C | Some Denial


I call her
over the dissonant music
she likes dancing to.

She looks at me

but her hair’s in her eyes,
her legs stretched

at inappropriate angles.

I frown

and fold my arms

while she climbs down

from the pole.

I tell her about it
all the time—

she never listens.

It’s part of the dance,
she says

with her signature
apologetic smile.

She approaches me now,

coming closer
than I expect,

so the stench of vomit and sweat overwhelms me.

I take a step back,

but I look around the room.

It looks

like the room of cupboards.

The walls in the corridor
leading to the studio

have been repainted

to cover up
the burnt marks

caused by the fire.

The carpet is replaced,

everything’s back to normal
faster than mosquitos bite.

There’s no hinge,

no hole for a lock,

on the studio’s lintel.

watches me

tap the empty walls at the end
of the corridor,

searching for a room

that doesn’t exist.

She giggles.
I frown at her.

Ask her to help me.

She shakes her head.

Points at our reflections
in the mirror that lines the room.

That room
had mirror walls too.

I walk into the room,
examining the linoleum floor

for signs of the cupboards.

The linoleum’s
all scratched up—
it’s hard to tell.

That floor was wooden.

I must have
remembered wrong.

This is the room.

I go back to the corridor.

Tammie’s staring at a red puddle
on the new carpet.

Red streaks on the wall.

It’s recent.

Why didn’t I notice it
on my way in?

She turns to me
and smiles apologetically.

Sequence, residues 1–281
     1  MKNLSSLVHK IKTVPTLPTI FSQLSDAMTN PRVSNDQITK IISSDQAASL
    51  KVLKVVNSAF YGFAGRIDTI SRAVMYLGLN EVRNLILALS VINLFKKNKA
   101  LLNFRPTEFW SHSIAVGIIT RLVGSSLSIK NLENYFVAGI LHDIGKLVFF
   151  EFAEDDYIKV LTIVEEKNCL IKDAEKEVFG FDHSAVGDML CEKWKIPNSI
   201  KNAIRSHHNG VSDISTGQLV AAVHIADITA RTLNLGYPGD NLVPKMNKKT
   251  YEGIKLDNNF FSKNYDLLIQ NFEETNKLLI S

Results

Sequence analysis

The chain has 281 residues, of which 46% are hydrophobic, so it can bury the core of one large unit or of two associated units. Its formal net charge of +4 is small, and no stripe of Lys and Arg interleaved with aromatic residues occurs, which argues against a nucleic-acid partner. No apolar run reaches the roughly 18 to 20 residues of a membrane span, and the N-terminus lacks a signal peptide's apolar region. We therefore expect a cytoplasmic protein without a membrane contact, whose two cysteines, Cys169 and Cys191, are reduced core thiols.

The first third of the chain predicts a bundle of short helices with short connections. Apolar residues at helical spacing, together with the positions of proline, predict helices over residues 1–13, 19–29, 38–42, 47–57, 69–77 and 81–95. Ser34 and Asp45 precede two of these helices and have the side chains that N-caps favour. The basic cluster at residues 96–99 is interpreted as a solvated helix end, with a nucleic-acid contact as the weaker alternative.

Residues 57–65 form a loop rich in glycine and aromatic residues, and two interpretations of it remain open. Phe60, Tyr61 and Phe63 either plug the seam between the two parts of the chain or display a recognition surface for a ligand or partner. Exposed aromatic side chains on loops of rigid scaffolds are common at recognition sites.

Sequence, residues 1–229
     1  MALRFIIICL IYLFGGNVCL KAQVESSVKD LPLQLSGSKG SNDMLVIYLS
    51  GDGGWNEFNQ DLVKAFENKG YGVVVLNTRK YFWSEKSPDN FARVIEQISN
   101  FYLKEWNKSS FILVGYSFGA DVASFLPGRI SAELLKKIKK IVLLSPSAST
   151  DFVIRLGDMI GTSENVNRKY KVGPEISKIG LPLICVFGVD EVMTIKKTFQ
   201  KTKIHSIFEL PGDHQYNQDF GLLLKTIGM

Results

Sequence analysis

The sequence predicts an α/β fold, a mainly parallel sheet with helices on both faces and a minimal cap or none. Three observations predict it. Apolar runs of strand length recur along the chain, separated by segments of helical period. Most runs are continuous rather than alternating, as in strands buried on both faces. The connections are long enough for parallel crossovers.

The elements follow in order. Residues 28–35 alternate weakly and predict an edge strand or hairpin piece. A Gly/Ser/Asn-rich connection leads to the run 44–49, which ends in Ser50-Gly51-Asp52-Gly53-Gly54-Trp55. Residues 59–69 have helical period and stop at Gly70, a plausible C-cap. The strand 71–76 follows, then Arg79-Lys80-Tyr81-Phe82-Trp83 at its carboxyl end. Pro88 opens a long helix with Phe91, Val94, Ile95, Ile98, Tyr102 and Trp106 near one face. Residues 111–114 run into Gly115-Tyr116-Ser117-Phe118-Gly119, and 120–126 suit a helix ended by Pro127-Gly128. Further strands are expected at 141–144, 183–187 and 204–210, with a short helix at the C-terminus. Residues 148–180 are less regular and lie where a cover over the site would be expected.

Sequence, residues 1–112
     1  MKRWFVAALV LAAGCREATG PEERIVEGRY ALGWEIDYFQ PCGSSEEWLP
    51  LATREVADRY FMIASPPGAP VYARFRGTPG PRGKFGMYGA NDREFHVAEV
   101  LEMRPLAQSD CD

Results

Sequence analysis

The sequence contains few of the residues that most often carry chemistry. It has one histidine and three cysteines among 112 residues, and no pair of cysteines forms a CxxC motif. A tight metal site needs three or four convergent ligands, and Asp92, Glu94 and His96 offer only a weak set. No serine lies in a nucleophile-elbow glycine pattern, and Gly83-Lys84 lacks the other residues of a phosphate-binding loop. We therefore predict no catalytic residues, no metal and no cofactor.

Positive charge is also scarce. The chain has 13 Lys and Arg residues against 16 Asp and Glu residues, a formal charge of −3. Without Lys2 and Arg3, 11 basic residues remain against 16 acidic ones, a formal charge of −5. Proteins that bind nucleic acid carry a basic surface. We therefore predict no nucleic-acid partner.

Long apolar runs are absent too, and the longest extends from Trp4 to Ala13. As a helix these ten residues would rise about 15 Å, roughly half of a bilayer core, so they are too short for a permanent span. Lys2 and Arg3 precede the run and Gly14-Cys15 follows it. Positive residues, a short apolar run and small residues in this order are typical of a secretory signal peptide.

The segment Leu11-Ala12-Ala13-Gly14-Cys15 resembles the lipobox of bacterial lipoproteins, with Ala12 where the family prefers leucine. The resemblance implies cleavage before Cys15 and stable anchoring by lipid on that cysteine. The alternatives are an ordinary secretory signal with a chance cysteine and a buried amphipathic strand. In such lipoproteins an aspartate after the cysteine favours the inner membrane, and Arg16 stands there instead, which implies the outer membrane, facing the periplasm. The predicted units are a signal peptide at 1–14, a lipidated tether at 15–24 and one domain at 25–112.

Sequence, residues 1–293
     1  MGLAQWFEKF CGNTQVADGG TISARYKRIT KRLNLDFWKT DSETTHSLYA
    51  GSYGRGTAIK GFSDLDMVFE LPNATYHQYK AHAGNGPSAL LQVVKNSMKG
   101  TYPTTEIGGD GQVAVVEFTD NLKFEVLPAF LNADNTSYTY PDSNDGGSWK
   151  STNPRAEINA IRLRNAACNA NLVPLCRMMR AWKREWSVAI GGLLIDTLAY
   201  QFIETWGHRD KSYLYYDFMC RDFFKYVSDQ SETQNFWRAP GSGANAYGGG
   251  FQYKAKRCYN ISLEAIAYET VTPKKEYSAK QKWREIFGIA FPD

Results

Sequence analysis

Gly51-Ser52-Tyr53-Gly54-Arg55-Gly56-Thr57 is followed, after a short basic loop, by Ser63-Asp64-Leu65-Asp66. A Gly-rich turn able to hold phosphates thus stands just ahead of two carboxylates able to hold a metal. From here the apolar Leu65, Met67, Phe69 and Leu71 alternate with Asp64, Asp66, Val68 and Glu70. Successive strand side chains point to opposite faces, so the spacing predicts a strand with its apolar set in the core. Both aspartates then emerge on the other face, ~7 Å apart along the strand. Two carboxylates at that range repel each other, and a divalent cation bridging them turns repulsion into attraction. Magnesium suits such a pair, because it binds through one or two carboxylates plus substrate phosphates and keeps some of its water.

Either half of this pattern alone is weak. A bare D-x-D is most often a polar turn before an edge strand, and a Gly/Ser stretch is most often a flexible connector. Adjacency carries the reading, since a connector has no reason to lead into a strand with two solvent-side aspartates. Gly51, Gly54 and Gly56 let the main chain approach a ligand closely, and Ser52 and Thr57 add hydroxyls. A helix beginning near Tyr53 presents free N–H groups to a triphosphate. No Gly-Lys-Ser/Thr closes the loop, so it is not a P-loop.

Tammie takes my hand,
pulls me into the middle of the studio room.

She presses a button
on one of the CD players

and all of them

come to life.

She twirls me
around the room.

I don’t know how to dance,
so I let her lead me

in circles.

We spin and jump
and collide and
twist into shapes I didn’t know were possible.

Then, we collapse

onto the floor,
panting, laughing.


I lie on my back,
staring at the LED lights

on the ceiling.

I recite
the patients’ names
once more.

I still remember, I tell Tammie happily.

She sits up,
peering down at me.

into my face.


Fifi, that was probably a dream.


I shake my head,
still breathing hard.

I don’t know
what you’re talking about.

She gives me a sad smile.

A different
kind of smile.

But one I find familiar.

Painfully familiar.

I shake my head

If the room doesn’t exist,

then the faces I remember…
are they real?


You remember

because you
killed them.


I stare at Tammie.

Her lips are still curved
in that sad, sad smile.

That voice wasn’t hers.

I look around.

There’s no one else
in the studio.

If the faces I remember aren’t real,
then neither are the names.

Which means
there isn’t

a conspiracy

at all.

Tammie takes my hand
which has started to shake.

I lose myself

in the depths of her grey eyes.


There is no conspiracy, Fifi.




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